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Frederick Charles Pye was born in Darling Point (Sydney) on 18th January 1895 and was very much a man of the land.
He and his family were well known in grazing circles throughout Australia. His father (a direct descendant from settlers who came to Australia with the Second Fleet in 1790) owned a number of properties in New South Wales and was a prominent wool buyer. Fred Pye himself entered the sheep and wool industry at an early age and found his time divided between properties in the country and his business interests in the city. Over the years his investments grew steadily and he went on to own grazing land in many parts of Australia. In addition he had financial interests in mining in Canada, Portugal and South Africa.
In his 1970s, Fred Pye was still directing his business affairs from his Sydney office and visiting country areas regularly. He did a great deal of travelling in Australia and overseas. A strong believer in early rising and walking to work, he was usually the first in his office in the morning.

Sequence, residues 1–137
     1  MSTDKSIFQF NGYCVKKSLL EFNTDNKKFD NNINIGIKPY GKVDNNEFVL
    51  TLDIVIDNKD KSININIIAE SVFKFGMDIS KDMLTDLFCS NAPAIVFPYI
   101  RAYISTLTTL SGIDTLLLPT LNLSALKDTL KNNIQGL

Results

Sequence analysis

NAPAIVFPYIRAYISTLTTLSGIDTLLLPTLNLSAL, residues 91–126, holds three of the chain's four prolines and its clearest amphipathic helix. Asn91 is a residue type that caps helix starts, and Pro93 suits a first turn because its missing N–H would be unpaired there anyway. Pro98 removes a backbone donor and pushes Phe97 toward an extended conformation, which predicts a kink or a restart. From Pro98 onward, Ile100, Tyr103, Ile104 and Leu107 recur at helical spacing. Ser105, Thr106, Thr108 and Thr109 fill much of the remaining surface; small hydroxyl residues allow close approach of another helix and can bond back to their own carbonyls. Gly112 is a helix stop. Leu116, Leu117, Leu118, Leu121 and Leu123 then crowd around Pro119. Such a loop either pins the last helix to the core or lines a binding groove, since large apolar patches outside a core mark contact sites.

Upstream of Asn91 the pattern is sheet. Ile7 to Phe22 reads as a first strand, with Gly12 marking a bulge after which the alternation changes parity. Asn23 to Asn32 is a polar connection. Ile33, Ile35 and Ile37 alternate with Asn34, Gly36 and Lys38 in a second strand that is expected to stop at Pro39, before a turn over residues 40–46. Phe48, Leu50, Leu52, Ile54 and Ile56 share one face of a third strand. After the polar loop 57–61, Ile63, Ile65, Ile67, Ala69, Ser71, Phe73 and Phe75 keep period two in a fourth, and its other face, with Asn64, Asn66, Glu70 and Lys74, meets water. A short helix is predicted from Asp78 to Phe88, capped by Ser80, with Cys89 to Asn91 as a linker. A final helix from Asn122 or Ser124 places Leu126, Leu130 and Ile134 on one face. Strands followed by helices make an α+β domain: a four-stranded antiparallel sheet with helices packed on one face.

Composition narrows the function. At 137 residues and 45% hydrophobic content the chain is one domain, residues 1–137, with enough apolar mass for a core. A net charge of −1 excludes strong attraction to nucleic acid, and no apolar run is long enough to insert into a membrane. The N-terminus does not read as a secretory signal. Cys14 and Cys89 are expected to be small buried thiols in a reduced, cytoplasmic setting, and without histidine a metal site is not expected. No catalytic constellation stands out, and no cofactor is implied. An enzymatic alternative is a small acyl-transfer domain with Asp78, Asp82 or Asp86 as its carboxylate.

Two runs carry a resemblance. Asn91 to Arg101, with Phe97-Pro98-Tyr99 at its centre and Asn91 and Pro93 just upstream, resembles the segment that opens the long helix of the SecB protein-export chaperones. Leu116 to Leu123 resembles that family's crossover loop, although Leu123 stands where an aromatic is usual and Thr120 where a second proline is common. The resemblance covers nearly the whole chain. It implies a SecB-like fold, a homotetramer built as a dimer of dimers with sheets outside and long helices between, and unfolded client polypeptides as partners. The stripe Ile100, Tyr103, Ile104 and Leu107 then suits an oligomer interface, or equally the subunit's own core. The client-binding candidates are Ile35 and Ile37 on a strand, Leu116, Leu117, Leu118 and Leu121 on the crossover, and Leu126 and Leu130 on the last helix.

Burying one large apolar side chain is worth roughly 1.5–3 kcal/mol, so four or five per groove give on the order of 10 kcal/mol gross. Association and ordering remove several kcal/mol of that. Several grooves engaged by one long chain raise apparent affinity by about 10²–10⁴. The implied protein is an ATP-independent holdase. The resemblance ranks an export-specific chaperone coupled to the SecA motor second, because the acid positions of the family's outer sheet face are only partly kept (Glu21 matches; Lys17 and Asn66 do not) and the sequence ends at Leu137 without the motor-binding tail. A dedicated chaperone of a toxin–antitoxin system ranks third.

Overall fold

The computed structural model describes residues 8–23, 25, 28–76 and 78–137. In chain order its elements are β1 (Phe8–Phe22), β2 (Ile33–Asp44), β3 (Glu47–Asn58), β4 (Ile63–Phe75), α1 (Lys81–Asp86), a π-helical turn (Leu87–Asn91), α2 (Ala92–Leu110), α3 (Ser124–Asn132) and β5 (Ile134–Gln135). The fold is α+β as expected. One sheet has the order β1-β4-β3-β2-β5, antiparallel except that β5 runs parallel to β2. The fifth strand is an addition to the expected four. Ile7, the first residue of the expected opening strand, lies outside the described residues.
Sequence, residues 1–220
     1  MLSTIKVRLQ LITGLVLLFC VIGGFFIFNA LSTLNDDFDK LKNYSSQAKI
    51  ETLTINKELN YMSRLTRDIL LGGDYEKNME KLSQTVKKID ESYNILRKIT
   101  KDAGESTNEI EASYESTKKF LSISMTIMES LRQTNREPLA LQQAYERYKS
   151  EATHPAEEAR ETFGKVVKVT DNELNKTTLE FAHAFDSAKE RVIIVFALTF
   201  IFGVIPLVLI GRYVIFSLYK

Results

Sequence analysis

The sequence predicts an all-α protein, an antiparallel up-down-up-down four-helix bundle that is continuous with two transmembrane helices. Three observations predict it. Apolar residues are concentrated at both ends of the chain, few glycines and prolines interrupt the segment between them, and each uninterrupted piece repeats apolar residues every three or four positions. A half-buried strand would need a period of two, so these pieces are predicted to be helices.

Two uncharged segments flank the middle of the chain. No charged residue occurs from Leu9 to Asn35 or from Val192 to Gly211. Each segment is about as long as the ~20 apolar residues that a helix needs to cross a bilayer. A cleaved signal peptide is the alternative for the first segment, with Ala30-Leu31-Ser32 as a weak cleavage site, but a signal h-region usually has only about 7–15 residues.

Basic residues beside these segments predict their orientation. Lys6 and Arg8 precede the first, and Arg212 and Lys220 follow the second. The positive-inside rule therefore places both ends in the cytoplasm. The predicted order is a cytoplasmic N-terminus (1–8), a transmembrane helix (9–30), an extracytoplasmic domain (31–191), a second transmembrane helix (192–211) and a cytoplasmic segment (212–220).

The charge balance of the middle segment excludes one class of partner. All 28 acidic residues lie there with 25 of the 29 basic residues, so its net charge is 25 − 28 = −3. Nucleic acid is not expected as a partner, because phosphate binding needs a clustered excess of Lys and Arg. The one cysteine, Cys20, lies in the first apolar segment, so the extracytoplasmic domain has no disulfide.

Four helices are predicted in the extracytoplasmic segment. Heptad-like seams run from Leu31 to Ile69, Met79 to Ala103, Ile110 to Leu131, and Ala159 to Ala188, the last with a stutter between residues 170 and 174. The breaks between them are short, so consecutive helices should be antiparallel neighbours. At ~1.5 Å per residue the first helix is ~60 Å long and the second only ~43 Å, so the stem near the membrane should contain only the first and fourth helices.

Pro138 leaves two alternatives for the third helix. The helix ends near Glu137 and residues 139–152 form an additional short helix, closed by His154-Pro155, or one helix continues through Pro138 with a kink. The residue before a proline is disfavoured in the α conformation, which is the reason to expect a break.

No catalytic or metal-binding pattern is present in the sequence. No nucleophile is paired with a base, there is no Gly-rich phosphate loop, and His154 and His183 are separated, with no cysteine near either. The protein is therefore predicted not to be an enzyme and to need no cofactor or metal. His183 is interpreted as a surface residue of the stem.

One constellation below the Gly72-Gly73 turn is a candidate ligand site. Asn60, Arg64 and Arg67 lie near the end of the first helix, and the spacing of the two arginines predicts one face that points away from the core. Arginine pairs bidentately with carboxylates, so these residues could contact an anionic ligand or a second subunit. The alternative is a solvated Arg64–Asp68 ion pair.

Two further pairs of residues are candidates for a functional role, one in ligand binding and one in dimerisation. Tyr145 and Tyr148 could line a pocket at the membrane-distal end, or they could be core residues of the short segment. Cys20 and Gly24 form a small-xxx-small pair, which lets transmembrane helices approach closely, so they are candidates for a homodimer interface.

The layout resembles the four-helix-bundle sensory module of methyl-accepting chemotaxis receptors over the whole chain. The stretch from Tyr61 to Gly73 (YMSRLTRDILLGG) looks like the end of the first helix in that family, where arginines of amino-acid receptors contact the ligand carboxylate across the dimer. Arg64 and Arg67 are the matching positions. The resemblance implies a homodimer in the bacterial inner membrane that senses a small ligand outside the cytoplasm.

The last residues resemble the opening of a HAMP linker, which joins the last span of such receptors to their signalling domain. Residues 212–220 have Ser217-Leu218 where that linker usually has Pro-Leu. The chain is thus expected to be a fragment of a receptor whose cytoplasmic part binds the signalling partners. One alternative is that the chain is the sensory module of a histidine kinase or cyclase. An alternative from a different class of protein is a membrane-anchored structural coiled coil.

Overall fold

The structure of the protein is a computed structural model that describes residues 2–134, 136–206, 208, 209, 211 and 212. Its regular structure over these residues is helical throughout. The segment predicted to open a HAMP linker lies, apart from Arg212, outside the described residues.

In 1962 Mr Pye approached the CSIRO and offered his property ‘Geraldra’ at Stockinbingal (near Cootamundra) as gift for the further development of agricultural research. At the time, it was the largest private gift ever made to CSIRO.
In 1963 the property was acquired and the 8,600 acres realised the large sum of $500,000. CSIRO decided to apply a substantial portion of the money to the construction of the F. C. Pye Field Environment Laboratory, a building which at the time was a ‘unique concept in field research’. The laboratory provided an essential link between practical agriculture and the controlled research of the Phytotron. The funds provided the laboratory building itself, major items of equipment, and a fellowship scheme to enable overseas scientists to participate in the research programme.
Mt Pye was an unpretentious man and agreed with some reluctance to his name being given to the building. As a practical country man he showed a quick grasp of the type of research to be carried out in the building that bears his name by commenting that the “customers” served by the laboratory would not be so much the farmer himself, but the scientists of many fields who are carrying out practical research for the farmer.
Mr and Mrs. Pye were present at the official opening of the new laboratory. The opening marked the culmination of events leading from Mr. Pye’s first approach to the CSIRO Executive in 1962.
Frederick Charles Pye was one of the founders of the Rural Australia Foundation.
The FC Pye Rural Australia Foundation Scholarship is named in his honour.